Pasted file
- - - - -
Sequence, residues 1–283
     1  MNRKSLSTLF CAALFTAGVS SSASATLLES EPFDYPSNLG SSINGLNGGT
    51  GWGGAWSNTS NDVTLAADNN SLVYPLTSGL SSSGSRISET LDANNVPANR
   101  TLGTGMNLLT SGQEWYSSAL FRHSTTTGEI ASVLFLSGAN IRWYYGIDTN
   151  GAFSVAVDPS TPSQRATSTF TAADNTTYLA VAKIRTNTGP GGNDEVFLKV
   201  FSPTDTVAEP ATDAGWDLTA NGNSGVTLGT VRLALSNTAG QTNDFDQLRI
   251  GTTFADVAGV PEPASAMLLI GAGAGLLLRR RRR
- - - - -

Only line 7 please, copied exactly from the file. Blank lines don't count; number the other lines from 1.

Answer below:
   251  GTTFADVAGV PEPASAMLLI GAGAGLLLRR RRR